Vi använder en mängd olika cookies för att du ska få den bästa användarupplevelsen. Genom kontinuerlig användning av denna webbplats godkänner du vår användning av cookies. Du kan läsa mer om vår policy för cookies och redigera dina inställningar här eller genom att följa länken längst ner på alla sidor på vår webbplats.
In fact, German Chancellor Angela Merkel has stolen some of the thunder by saying the euro is 'too weak' and makes German products cheaper. This has naturally been taken positively, be a market increasingly holding a love affair with all things Europe. Here, we can see strong inflows into European equity and bond funds of late, largely doing so currency unhedged (a EUR positive). We can see the weekly Commitment of Traders (CoT) report shoeing speculative funds have swung to the first net long position in EUR futures since mid-2014. In FX land, we can see EUR/USD has traded to a high of $1.1263 and is trending higher beautifully, although if we look at a spread differential between US and German bunds, it suggests that EUR/USD has perhaps run a bit hot too soon.
Saying that, the German bond market is selling off nicely at the moment and that is putting upside into the EUR valuation (higher relative yields mean a more attractive currency) and specifically for those who like trading fixed income shorts on the German two-year (schatz) would be my preference here. EUR/GBP perhaps looks the better FX trade though, with the pair breaking to a new higher high, so the preference is to be long here for a move into £0.8750 to £0.8800.
Risk appetite has held in quite well through US trade, with some focus on Trump’s deal-making in the Middle East. US equities have pushed modestly higher, yet again, with the NASDAQ 100 and tech leading the charge. The S&P 500 has seen a move higher of 0.5% on volumes 10% below the 30-day average, with 79% of stocks higher on the day, so breadth looks pretty good. We have seen industrial working well, but flat moves have been seen in materials and energy, so after yesterday’s strong moves in these two ASX 200 sub-sectors we may see a more subdued open today.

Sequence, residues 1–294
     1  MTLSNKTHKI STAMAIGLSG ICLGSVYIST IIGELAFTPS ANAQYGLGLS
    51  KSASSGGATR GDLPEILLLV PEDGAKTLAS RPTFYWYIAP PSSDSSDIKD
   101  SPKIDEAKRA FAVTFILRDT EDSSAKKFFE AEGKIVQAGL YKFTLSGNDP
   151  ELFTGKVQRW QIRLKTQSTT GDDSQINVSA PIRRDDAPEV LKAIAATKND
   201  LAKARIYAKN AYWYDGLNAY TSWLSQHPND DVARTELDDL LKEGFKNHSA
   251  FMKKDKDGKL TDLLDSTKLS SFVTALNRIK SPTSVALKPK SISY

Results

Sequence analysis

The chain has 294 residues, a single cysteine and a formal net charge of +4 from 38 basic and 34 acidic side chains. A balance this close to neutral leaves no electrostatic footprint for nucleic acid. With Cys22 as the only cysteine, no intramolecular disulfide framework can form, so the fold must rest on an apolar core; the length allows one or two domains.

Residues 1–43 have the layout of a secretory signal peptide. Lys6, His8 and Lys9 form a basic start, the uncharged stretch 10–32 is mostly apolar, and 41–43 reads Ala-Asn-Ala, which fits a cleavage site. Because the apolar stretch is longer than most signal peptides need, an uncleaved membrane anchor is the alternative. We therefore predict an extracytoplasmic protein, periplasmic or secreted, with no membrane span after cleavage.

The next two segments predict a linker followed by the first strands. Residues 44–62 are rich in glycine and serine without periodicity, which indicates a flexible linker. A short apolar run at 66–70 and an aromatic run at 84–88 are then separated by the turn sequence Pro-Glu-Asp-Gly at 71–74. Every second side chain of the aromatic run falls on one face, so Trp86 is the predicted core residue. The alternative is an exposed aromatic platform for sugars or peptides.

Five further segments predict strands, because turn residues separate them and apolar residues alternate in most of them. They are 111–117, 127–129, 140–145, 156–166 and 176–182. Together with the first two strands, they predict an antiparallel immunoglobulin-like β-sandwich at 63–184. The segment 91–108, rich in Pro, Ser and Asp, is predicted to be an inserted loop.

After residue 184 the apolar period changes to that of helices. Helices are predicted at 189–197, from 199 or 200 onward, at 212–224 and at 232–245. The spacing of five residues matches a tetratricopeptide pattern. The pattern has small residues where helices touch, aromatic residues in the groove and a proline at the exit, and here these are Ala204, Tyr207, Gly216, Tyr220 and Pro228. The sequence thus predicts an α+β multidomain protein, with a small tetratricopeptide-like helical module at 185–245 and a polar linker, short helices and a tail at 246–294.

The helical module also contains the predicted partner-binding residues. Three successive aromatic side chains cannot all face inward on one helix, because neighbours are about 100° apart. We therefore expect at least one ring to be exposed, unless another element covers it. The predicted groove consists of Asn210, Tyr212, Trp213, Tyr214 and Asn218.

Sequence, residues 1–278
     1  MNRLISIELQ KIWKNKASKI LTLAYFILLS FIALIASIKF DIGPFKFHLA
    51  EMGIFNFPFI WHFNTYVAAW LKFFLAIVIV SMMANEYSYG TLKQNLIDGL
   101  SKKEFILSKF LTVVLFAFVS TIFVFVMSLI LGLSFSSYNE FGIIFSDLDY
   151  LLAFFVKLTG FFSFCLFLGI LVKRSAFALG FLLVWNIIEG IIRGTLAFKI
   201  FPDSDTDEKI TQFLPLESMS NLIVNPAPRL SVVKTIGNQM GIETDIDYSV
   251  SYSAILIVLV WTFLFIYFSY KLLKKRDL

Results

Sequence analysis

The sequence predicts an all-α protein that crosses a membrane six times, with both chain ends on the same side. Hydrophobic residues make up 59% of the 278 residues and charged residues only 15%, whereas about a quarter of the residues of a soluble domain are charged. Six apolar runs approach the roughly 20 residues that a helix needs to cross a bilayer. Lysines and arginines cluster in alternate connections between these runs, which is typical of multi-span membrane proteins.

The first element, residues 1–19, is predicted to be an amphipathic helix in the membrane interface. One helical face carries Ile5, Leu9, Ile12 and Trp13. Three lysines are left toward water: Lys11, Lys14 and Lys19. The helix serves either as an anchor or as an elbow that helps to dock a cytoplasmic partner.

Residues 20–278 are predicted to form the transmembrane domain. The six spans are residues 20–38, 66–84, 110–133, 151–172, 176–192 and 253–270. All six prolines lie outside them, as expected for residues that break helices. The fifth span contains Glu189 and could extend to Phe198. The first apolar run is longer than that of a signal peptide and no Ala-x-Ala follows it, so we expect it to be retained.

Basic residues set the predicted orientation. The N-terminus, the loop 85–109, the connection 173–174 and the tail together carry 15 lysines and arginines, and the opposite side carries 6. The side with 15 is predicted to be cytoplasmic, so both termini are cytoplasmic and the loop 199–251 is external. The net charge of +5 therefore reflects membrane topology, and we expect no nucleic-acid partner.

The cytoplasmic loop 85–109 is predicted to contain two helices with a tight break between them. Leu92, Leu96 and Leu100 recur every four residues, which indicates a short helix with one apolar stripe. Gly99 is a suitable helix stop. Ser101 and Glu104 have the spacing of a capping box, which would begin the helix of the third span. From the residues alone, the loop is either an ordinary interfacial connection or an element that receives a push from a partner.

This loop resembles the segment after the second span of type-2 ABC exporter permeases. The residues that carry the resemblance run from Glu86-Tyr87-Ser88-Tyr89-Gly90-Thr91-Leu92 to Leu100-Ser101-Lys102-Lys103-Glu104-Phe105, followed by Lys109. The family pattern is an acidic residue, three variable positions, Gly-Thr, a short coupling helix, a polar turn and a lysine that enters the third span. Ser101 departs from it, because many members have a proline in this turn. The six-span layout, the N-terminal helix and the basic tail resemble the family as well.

On a more technical note, the S&P 500 is pushing towards, and looking to fill last Tuesday’s 'gap' low at 2396.05, so this level is now key. Traditionally, gaps are meant to be filled, but it’s how price reacts at this level that traders are most interested in, and whether we see the sellers kick in and price subsequently rolling over (and heading lower). The risk then is the S&P 500 finds resistance at 2396.05, but if we do see the bulls find the impetus to push the index through 2396.05 then new highs should be seen and this should support markets like the ASX 200 and other global markets more broadly. One for the radar.
In fact, our own equity index is at an interesting juncture itself. After a move below 5700 last week we find price moving back to test the neckline of the April and May double top at 5791. A break then above 5791 would be positive and we should see a fairly quick move towards 5850 to 5900. However, if the sellers kick into gear on the open, where we see the index opening at 5786, then that could really provide confidence that 5791 is the strong resistance level and that we could be staring at lower levels in the sessions to come. My belief is that risk appetite and sentiment stays firm for now, especially in the absence of any tier one data and Trump staying out of the limelight.
Thursday’s OPEC meeting in Vienna remains a key event risk ( see the expected schedule), and as mentioned in prior reports, the risk of a ‘sell the fact’ event remains elevated. Iraq has come to party and also detailed a desire to extend the output cut agreement, but oil has failed to respond and attract fresh buyers. Again, this highlights how much the market has discounted already. Oil prices are higher on the session, but that obviously included yesterday’s Asian session where price rallied on the open. So importantly, price is largely unchanged from the ASX 200 close at 4.00pm AEST yesterday and hence the energy sector should open on a flat note.
We have seen some buying in the bulk and metals complex, with spot iron ore closing up 0.8%, while Dalian iron ore and steel futures closed up 0.2% and 0.6% respectively. BHP looks destined for an unchanged open (given the lack of move in the American Depository Receipt), while Vale’s US-listing closed up 0.8%, giving some belief that the pure play miners should find support on open. AUD/USD has found modest buying, trading to session high of $0.7488, and whether that has been influenced by the key terms of trade or whether it’s just USD weakness is debatable, but the key level to watch today is $0.7491 and the March low.
Aside, from that it’s been amazing to see the client flow in Bitcoin and perhaps in a world devoid of volatility Bitcoin has it in spades, especially today with price trading in a $299 range.